I've also been working on some of the 2009 publications, one of the highlights of which is Kenny Knight's first collection, The Honicknowle Book of the Dead, a kind of deadpan autobiography in verse, set in a working-class suburb of Plymouth. On top of this there are a number of major translations, which I can't mention here as the rights and/or support are still being negotiated, and a collection of essays on the poetry of J.H. Prynne, which I think fills a considerable gap in the market, and is readable, unlike most critical volumes on poetry.

    *****

    These are The Book Depository's 5 favourite Shearsman titles:


  • British Museum Press

    Tue, 09 Dec 2008 11:40

    Book Depository: What/who do you see as your primary market?

    Margaret Robe (British Museum Press): Our publishing mission follows that of the British Museum, a museum of the world and for the world. We publish books across ancient and contemporary world cultures, their art and artefacts, their past and their future. Our list includes titles for very different markets – including general readers coming fresh to a new subject, experts seeking the very latest research and discoveries in their field, and children and families. These highly-illustrated books cover archaeology, history, the Classical world, the Renaissance, treasures from the Middle East, Asia, the Americas, Africa, and much more – all drawing on the extensive collections of the British Museum.

    BD: What are the principal challenges/opportunities you see at the moment in the business of publishing books?

    MR: It's hard to gauge to what extent readers will embrace digitization of books, and how that will affect booksellers and publishers. For now, it's important for smaller publishers to remain open-minded and listen to advice from colleagues in the trade before costly decisions are made. However we see new media and Web 2.0 as a wonderful tool, allowing readers from around the world to go online, link up and learn more about the museum, its amazing collections, and our publications, even if they cannot visit London.

    BD: What brings you to the decision to publish a particular title/author?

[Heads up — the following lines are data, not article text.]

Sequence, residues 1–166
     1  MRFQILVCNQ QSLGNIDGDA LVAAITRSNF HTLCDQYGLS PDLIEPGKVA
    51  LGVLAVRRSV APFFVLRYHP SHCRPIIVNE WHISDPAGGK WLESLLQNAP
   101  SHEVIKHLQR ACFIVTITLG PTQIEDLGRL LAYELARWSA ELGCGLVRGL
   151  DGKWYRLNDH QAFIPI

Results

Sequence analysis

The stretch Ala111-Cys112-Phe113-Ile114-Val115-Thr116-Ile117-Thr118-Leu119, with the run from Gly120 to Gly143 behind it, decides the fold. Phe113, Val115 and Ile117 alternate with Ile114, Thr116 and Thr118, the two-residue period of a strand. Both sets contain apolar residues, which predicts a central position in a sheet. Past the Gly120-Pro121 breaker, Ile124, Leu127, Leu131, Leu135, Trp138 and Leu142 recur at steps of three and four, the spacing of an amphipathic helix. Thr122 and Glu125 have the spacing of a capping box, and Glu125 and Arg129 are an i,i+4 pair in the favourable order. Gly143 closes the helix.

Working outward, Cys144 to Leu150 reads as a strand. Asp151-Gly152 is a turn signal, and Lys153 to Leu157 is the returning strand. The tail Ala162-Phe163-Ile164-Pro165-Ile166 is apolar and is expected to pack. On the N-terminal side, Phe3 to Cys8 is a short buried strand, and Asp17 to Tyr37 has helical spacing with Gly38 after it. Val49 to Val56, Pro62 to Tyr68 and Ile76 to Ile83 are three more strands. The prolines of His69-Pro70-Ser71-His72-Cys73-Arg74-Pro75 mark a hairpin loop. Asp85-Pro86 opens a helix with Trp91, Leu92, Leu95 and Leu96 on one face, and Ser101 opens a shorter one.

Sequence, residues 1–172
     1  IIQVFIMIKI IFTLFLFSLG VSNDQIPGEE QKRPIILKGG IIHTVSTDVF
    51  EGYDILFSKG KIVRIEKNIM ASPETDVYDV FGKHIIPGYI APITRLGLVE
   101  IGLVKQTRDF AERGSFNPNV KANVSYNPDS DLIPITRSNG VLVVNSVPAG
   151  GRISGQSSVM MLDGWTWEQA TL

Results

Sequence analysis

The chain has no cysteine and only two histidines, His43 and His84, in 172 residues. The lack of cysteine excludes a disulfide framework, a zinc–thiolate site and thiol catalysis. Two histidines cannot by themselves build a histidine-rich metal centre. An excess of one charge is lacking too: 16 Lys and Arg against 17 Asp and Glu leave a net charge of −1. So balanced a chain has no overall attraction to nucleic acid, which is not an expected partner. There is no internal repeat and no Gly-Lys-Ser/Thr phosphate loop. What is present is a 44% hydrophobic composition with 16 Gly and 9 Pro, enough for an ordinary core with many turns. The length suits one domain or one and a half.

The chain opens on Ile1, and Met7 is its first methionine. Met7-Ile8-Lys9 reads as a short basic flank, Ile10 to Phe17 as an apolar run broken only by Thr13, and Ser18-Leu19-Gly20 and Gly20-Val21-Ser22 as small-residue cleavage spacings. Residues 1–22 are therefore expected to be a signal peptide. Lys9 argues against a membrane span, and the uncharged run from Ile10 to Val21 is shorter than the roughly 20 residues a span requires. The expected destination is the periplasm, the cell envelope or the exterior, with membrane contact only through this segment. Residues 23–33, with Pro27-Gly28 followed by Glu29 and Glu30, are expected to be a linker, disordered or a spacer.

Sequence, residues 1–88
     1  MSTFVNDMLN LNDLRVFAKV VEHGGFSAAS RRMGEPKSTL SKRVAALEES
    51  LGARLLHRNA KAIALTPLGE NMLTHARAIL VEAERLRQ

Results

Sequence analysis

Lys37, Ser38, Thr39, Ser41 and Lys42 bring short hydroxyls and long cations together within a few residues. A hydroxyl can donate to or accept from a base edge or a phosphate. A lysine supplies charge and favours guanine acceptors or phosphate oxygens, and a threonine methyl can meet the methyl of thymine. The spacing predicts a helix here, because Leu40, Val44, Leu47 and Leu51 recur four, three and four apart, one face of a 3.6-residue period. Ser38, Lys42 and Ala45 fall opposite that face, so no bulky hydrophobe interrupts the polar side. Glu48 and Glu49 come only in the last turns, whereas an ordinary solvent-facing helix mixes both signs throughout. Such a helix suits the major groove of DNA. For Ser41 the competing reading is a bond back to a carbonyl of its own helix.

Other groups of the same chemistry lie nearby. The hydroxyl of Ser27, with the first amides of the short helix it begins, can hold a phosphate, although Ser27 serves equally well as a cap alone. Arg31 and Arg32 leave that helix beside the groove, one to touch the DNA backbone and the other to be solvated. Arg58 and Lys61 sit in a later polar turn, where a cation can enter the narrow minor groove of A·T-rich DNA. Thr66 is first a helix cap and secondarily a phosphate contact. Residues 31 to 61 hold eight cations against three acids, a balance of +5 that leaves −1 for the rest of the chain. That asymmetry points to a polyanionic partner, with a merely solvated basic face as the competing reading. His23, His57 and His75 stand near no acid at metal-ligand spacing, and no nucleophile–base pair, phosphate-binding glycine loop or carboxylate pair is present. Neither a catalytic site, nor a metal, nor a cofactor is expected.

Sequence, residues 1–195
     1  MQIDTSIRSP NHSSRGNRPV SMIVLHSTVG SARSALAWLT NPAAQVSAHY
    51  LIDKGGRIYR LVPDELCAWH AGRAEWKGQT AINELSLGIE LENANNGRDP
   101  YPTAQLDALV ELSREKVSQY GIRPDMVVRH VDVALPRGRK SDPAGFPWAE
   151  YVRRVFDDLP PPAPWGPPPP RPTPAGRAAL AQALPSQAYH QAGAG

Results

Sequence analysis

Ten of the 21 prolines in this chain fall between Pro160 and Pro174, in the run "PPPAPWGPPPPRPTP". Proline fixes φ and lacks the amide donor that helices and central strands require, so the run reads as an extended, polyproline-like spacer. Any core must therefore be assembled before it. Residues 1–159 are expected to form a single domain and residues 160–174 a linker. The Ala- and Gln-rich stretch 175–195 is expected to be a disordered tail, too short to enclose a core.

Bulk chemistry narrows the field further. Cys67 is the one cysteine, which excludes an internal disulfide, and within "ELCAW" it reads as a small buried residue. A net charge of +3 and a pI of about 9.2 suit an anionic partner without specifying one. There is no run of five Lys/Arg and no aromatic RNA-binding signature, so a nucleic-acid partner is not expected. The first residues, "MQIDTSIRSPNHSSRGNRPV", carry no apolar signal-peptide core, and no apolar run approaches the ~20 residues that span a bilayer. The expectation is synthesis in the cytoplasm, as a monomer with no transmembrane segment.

MR: We aim to publish across the Museum's collections, so that every area is represented. The collections are so extensive that this encourages a wide variety of types of publications. Many of our authors are curators and experts working in the museum itself but we do publish external authors too. We're very lucky that we have our own shops in the museum, and so we get direct feedback from a fantastic customer base. Of course we publish exhibition books and catalogues for exhibitions such as the First Emperor and Hadrian, but we also publish general books, including small gift books, children's books which support Key Stage 2 of the national curriculum, and many illustrated books on different topics.

    BD: What books are you most proud of having published?

    MR: We published last season a terrific book for families and children, called 500 Things to Know About the Ancient World, which was awarded the prize for Best Publication by the Association for Cultural Enterprises, an organization that promotes dialogue & development between the museums and heritage sites in the UK. Some of our best-selling topics are, of course, Ancient Egypt and hieroglyphs, and many of our best-selling titles are in this area.

    BD: What books are you working on right now?

    MR: We've just published the exhibition books for Hadrian: Empire and Conflict, together with a range of titles on Rome and Roman history, such as Concise Introduction: Ancient Rome and, for children, V-Mail: Letters from the Romans at Vindolanda Fort near Hadrian's Wall. We're now working on the books for our Babylon show in November, and finishing other key autumn titles such as Masterpieces of Medieval Art, a lovely illustrated giftbook on Dogs: History, Myth, Art and the new British Museum Dictionary of Ancient Egypt.

    *****

    These are The Book Depository's 5 favourite British Museum Press titles: